23. 23. Suppliers § Suppliers can bribe regulatory agencies to develop policies in their favor. For example, pharmaceutical companies may influence governments to prevent generic drug manufacturers from competition, or equipment producers may try to change regulations so that licensed facilities will be required to purchase their products.
  24. 24. Corruption Categories § Practices which involve measures that usually lead to monetary gains. § Non-monetary, which involve unethical behaviors that are not primarily geared to monetary benefit in the short term but in due course would lead to some form of benefit.
  25. 25. Monetary Corruption 1.Financial leakages 2.Siphoning of public funds for private gains 3.Illegal profits 4.Benefits 6.Incentives 7.Pilferage 8.Illegal fees 9.Kickbacks Source: Nishtar S. Corruption in the health sector in Pakistan. Heartfile and transparency International; 2007.
  26. 26. 10.Informal payments 11.Petty corruption – over out allowances 12.Procurement frauds/irregularities 13.Theft of supplies and equipment 14.Over-invoicing and over payments 15.Clever book keeping 16.Overpayment for supplies 17. Graft and padding of bills 18. Selling public positions and bribes Monetary Corruption Source: Nishtar S. Corruption in the health sector in Pakistan. Heartfile and transparency International; 2007.
  27. 27. Non-monetary Corruption 1. Failure to base decisions on evidence 2. Deliberate lack of oversight by public officials 3. Deliberate inattention to mechanisms that compel accountability 4. Preferential treatment to well connected individuals 5. Unfair hiring practices and nepotism 6. Collusion/favoring amongst bidders in the contracting process Source: Nishtar S. Corruption in the health sector in Pakistan. Heartfile and transparency International; 2007.
  28. 28. Non-monetary Corruption 7. Inattention to staff accountably for misconduct 8. Use of public leverage/power for the benefit of private practice 9. Illegal and unethical marketing practices 10. Managerial reluctance to confront physicians 11. Staff Absenteeism 12. Ghost workers 13. Shaving off duty hours Source: Nishtar S. Corruption in the health sector in Pakistan. Heartfile and transparency International; 2007.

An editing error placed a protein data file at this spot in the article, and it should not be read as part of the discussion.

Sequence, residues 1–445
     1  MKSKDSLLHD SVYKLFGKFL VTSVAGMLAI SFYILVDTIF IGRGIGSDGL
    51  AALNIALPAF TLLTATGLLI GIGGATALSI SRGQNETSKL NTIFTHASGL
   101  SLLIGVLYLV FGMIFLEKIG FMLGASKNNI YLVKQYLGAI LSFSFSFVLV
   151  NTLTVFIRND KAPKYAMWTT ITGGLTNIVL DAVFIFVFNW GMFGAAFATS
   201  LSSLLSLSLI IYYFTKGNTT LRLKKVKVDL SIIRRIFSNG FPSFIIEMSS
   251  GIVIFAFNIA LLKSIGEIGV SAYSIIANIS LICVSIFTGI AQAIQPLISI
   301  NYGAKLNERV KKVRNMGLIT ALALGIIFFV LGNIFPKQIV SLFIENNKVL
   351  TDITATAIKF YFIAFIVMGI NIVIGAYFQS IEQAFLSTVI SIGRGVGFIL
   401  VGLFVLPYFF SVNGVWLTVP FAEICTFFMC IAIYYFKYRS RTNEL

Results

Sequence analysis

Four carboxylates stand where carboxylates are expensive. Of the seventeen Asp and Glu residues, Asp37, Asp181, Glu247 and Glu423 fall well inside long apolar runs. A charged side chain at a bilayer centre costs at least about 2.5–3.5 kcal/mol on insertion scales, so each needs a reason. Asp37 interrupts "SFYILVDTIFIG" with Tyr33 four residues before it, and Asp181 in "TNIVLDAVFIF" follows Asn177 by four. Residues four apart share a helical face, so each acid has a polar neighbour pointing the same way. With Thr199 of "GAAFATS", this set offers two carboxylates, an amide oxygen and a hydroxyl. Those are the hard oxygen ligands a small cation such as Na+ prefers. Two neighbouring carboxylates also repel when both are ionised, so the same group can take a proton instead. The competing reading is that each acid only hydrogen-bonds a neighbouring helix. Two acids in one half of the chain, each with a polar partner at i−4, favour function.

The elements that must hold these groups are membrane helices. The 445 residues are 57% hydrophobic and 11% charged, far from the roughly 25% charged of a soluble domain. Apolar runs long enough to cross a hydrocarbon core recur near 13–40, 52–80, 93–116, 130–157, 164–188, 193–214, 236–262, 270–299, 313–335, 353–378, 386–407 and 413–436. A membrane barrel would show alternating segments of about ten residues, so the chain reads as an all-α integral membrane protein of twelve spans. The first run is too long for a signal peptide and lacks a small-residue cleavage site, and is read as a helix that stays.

29. 29. Underlying Causes of Corruption • Lack of clear standards of performance for providers • Lack of effective auditing and supervision • Limited enforcement of rules/no sanctions • Lack of accountability and oversight • Lack of citizen involvement and of local oversight and authority • Absence of monitoring and evaluation
  30. 30. Remedies • Government-wide anti-corruption stance; • Culture of public service; • Procurement and contracting rules, and enforcement of rules; • Public standards of conduct and oversight; • Effective enforcement of rules and rewards/punishment for behavior;
  31. 31. Remedies (cont.) • Improvement in civil service rules, pay and review; • raise quality of public management of health services; • Reform of provider units (TQM) – health providers input to raise productivity and performance;
  32. 32. Remedies (cont.) • Allow accountability at health service delivery unit to stem petty theft and improve management potential • Improve fiscal oversight with consequences for unlawful practices